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Thermosiphoning is considered to be an appropriate technology. This process utilizes natural, renewable resources and the basic laws of thermodynamics to create movement of a heated supply of air or water. The energy source for this process is solar radiation: the energy of the sun is captured in a solar collection device and is transferred to either air or water via conduction. The entire process may be explained by the thermosiphoning effect: When air or water is heated, it gains kinetic energy from the heating source and becomes excited. As a result, the water becomes less dense, expands, and thus rises. In contrast, when water or air is cooled, energy is extracted from the molecules and the water becomes less active. It also becomes more dense, and tends to "sink." Thermosiphoning harnesses the natural density differences between cold and hot fluids, and controls them in a system that produces natural fluid movement.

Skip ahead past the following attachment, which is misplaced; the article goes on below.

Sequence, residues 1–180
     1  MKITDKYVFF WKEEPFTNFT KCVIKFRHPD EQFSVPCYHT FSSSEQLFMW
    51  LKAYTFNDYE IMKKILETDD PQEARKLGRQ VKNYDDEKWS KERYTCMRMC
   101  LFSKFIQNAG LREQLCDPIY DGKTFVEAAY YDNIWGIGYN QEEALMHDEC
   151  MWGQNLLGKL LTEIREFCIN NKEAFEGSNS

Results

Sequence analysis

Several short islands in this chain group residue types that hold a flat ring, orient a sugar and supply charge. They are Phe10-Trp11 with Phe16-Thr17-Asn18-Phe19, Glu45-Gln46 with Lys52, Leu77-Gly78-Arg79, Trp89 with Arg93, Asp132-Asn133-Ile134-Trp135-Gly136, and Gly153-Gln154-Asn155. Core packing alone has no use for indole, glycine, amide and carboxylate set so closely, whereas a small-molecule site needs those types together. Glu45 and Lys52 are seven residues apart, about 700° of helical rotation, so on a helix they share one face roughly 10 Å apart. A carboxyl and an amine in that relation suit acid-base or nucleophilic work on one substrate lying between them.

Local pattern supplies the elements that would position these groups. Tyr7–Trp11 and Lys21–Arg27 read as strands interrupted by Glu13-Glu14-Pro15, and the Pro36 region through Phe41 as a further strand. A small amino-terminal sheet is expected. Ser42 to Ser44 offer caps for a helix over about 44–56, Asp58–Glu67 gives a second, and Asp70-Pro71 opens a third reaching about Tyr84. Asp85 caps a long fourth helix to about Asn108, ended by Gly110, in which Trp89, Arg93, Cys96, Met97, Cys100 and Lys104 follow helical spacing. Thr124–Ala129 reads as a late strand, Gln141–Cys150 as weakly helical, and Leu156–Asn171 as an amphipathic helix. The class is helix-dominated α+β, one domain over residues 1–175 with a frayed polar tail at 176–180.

The passive thermosiphoning of water is the process of heating and moving water within a system without the need or use of electricity. This process functions by utilizing natual phenomena such as solar energy, gravity, and an available water source. A solar collector, piping, and a water tank are materials required for the heating process. The flow of water is distributed into, within, and out of the solar collector. Cool water enters the bottom of the solar collector where it is then heated via convection by solar radiation. When water is heated it becomes less dense than cooler water, expands, and then rises (flows) through the piping. The heated water exits the top of the solar collector naturally. The cooler and more dense water sinks and remains within the solar collector until it is heated. As the cool water is heated, it expands, rises, is pushed out of the top of solar collector, allowing cool water to flow into the solar collector. This process continues naturally until the temperature of the water reaches an equilibrium with solar radiation input.